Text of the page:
Pope Francis calls for new social contract for labour
(Vatican Radio) Pope Francis has urged companies and businesses to bring more young people into the workplace saying it is both “foolish and short-sighted” to force workers to carry on working in old-age.
The Pope’s words came as he addressed representatives and members of Italy’s CISL – Confederation of Trade Unions – whom he received in the Vatican.
Francis described work as a “form of civil love” that allows men and women not only to earn their livings and flourish as persons, but also to keep the world going.
But, he pointed out that work is not everything and no one must work all the time. He also said that there are people who must not work – like children – who must be safeguarded from child labour – sick people whose right it is not to work, and elderly people who have a right to a “just pension”.
And on the topic of pensions, the Pope denounced both the “golden retirements” given to some pensioners and the meager ones given to others and said that both are an offense to the dignity of work.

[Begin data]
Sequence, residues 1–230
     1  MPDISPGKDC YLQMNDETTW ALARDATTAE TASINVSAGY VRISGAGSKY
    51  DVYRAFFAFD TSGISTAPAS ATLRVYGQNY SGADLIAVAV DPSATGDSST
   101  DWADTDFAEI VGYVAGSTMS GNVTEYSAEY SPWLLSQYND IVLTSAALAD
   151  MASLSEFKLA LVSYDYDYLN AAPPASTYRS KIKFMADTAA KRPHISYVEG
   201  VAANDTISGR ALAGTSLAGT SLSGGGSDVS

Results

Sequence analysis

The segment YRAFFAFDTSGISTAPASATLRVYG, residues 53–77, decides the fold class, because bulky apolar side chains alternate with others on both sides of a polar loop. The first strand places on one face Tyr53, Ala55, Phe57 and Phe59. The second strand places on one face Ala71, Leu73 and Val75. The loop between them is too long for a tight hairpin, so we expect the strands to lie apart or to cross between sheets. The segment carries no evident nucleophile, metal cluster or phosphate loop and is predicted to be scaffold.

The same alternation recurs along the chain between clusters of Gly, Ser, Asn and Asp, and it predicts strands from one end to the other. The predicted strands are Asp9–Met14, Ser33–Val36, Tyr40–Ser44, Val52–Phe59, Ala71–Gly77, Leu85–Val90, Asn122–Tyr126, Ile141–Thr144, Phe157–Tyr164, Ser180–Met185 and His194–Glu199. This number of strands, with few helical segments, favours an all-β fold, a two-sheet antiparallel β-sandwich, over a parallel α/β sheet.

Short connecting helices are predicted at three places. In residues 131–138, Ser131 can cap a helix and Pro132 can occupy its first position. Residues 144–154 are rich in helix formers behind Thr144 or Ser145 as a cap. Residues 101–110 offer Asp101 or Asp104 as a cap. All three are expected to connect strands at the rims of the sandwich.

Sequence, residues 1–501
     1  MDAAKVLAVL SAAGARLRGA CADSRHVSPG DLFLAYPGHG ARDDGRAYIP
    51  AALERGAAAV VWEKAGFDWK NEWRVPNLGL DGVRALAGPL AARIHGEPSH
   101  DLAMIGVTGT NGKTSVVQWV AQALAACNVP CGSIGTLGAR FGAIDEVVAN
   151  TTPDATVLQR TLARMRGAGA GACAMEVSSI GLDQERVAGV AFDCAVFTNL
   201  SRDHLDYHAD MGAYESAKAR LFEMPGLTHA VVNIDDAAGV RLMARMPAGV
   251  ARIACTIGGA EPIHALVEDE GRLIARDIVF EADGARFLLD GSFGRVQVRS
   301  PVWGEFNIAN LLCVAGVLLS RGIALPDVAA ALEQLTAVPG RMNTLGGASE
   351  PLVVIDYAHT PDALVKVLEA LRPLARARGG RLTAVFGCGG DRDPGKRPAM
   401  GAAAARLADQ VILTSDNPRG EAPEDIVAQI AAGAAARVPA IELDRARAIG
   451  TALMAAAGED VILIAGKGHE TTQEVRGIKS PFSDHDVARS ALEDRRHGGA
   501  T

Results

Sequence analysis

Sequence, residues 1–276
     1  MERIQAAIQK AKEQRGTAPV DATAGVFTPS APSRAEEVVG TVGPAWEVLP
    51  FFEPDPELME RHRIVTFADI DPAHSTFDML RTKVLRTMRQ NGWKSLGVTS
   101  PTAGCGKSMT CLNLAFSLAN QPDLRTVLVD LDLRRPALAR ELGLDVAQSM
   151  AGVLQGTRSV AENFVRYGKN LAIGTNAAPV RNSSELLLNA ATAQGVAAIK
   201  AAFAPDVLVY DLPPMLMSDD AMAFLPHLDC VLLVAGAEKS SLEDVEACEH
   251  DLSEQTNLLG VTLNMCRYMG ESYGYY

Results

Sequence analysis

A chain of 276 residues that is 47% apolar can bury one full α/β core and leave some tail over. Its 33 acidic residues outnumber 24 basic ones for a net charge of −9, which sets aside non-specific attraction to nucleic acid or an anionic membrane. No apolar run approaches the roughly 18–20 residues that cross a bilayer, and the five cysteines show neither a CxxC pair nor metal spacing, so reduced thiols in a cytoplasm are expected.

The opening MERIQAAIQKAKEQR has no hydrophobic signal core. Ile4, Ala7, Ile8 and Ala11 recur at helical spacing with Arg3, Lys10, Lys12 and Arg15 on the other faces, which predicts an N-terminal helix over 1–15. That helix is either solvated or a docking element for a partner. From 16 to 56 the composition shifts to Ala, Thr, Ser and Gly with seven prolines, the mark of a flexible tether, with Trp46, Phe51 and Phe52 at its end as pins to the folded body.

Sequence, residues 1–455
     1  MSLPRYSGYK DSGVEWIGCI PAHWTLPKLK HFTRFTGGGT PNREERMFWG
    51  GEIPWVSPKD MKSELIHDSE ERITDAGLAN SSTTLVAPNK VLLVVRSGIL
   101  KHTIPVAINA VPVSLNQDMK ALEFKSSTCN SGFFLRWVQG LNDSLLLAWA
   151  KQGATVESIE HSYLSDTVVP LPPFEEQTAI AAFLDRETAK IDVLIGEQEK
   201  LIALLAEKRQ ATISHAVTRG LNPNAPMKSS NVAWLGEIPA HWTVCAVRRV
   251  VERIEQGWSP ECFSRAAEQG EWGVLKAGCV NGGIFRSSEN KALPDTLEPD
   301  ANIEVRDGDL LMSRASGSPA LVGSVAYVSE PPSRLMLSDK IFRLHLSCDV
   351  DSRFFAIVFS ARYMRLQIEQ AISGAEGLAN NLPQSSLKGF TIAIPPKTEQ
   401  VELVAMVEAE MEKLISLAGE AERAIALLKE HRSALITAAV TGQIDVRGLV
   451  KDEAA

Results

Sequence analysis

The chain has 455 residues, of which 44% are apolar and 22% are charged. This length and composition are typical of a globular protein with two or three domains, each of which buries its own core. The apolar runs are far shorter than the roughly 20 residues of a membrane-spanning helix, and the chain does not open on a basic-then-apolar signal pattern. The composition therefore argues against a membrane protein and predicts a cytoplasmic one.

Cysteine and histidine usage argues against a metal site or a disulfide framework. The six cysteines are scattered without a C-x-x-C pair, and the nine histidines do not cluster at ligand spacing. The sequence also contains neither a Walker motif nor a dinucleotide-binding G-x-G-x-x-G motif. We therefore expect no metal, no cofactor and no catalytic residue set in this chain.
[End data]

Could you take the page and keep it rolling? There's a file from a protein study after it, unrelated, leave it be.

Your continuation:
He also made a strong appeal to employers and policy-makers saying that “a society that forces its workers to work for too long, thus keeping an entire generation of young people from taking their places, is foolish and short-sighted”.
“There is an urgent need – the Pope said – for a new social contract for labour” in order to bring more young people into the workforce.
Highlighting the “epochal challenges” faced by trade unions at this time in history, he urged them to be the prophetic face of society, to continue to give voice to the voiceless and to defend the rights of the most fragile and vulnerable workers.
“In our advanced capitalistic societies, trade unions risk losing their prophetic nature and becoming too similar to the institutions and the powers they should be criticizing. With the passing of time Unions have ended up looking too much like political parties” he said.
The other fundamental challenge for Unions Pope Francis pinpointed is that of the capacity to be renewed and updated.
Not only, he explained, must Unions protect those who are within the system, it must also look to and protect those who have no rights, because those who are excluded from the world of work are deprived of their rights and excluded from democracy.
Pope Francis concluded his address with a reflection on how capitalism seems to have forgotten the social nature of economy.
“Let us think, he said, of the 40% of young people in Italy who have no work. That is the existential periphery where you have to take action.”
“And women, he said, are still considered second class workers; they earn less and they are more easily exploited” he said: “Do something!”